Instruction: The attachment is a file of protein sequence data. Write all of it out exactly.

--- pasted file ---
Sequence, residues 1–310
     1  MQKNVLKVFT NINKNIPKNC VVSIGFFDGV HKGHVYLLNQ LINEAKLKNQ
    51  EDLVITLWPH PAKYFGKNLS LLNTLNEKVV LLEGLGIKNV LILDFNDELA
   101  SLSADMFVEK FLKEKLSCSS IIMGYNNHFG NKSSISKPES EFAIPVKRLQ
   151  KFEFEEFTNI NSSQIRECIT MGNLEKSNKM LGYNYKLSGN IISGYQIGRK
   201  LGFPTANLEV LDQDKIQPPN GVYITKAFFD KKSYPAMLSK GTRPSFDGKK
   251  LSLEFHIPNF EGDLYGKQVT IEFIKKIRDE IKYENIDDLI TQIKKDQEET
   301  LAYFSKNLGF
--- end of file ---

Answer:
Sequence, residues 1–310
     1  MQKNVLKVFT NINKNIPKNC VVSIGFFDGV HKGHVYLLNQ LINEAKLKNQ
    51  EDLVITLWPH PAKYFGKNLS LLNTLNEKVV LLEGLGIKNV LILDFNDELA
   101  SLSADMFVEK FLKEKLSCSS IIMGYNNHFG NKSSISKPES EFAIPVKRLQ
   151  KFEFEEFTNI NSSQIRECIT MGNLEKSNKM LGYNYKLSGN IISGYQIGRK
   201  LGFPTANLEV LDQDKIQPPN GVYITKAFFD KKSYPAMLSK GTRPSFDGKK
   251  LSLEFHIPNF EGDLYGKQVT IEFIKKIRDE IKYENIDDLI TQIKKDQEET
   301  LAYFSKNLGF